TechCrunch+ Review: Find Your Grade, International Visas, Hiring for Growth

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The ongoing market correction and the collapse of several leading crypto tokens are erasing wealth so fast you can almost hear it.

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Companies in other industries are hiring heavily, but startups like Robinhood, and Peloton are laying off thousands of employees as FAANG companies slow down recruiting and look for places to save money.

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Many tech workers are facing real uncertainty for the first time. Investors are rich, and founders will weather this storm just fine, but in these kinds of crises, front-line employees are the first to feel the pain.

So, if your face doesn’t appear on the team slide in your startup presentation, it’s time to cancel your upcoming vacation. And maybe one of your subscription boxes.

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Full TechCrunch+ articles available to members only
Use discount code TCPPLUSROUNDUP to save 20% on an annual or two-year subscription

In this environment, every entrepreneur must be fluent in their key indicators. If you can’t remember exactly how much runway you have left when you finish reading this sentence, I’m a little worried about you.

In her latest TC+ column, angel investor Marjorie Radlo-Zandi answers a related question that worries every founder: What is my current rating?

For many startups, finding that number is more art than science, as companies are still gathering data and tweaking their products before generating revenue.

“Many traditional valuation methods, such as discounted cash flow, are not as useful for valuing early-stage startups,” she writes. “This means that investors have to evaluate other factors that are not easily measured.”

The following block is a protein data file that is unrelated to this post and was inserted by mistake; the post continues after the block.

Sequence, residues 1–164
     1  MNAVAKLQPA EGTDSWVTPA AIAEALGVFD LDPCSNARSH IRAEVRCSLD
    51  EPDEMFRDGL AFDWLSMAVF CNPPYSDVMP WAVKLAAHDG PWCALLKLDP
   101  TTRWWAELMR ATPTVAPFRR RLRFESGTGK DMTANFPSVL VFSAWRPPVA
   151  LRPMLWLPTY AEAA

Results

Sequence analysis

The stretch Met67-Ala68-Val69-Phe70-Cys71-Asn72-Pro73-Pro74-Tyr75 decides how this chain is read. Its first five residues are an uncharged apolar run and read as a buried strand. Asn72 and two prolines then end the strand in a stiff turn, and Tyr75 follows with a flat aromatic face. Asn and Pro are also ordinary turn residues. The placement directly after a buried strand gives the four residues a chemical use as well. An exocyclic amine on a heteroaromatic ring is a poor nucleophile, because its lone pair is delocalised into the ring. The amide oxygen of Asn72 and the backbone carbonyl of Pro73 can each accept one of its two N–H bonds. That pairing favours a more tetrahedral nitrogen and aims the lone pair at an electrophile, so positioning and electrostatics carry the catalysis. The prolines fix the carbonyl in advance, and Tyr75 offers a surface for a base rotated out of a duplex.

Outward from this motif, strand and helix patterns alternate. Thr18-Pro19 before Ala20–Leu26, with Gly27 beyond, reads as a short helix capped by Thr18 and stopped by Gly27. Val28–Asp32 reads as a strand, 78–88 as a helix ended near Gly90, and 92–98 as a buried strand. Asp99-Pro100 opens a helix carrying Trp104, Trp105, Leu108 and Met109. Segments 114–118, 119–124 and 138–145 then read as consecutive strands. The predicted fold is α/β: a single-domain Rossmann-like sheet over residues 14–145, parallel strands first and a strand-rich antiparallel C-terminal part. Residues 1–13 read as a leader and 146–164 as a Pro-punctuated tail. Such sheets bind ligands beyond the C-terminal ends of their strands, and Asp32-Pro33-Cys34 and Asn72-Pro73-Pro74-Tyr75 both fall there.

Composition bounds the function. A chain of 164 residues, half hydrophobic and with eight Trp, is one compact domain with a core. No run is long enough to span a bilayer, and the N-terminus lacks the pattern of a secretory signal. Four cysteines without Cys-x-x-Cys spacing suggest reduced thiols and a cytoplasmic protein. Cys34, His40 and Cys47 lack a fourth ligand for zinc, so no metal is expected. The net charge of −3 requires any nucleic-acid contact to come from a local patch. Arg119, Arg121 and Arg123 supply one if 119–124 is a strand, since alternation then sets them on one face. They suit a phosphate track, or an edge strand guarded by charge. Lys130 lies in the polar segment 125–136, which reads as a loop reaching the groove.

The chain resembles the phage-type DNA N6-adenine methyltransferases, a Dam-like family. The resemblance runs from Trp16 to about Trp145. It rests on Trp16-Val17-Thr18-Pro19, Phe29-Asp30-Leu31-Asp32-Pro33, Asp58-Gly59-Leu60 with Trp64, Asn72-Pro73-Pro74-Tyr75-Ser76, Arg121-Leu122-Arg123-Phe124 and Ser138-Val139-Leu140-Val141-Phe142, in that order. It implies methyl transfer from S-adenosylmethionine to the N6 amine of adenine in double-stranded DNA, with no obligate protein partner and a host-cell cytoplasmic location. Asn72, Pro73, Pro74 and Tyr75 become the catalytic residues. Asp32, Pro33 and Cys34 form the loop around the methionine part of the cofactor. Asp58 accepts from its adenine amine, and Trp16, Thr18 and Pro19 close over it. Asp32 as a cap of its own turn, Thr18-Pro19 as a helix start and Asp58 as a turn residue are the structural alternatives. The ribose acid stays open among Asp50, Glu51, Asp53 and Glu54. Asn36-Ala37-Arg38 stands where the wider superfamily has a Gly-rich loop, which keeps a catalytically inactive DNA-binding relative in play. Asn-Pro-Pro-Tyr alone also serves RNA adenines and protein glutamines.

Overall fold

There is no antidote to insecurity, but it can be mitigated: Dive into your data, activate your personal network, and find ways to support your colleagues.

Thank you very much for reading TechCrunch+.

Walter Thompson
Senior Editor at TechCrunch+

Pitch Deck Breakdown: Dutch’s $20M Series A Deck

Pitch deck cover slide with cute dog, DUTCH word and TechCrunch Pitch Deck Teardown caption.

Image credits: Dutch

As the CEO and founder of Dutch’s virtual veterinary platform, Joe Spector originally set out to raise a $15 million Series A, but his presentation so skillfully combined cute pet visuals with market research and traction metrics that he ended up closing the round for $20 million. .

With flair, Dutch tells a compelling story about how the company used seed funding to launch a service within three months, build a brand identity, build a team, and expand from 12 to 32 states.

If you’re working on a presentation and need some inspiration, start here – all 17 slides are available for TC+ members.

When and how to hire the first marketer in your startup

An orange rocket rises up between the balloons.  (3D visualization)

Image credits: Eoneren (Opens in a new window) / Getty Images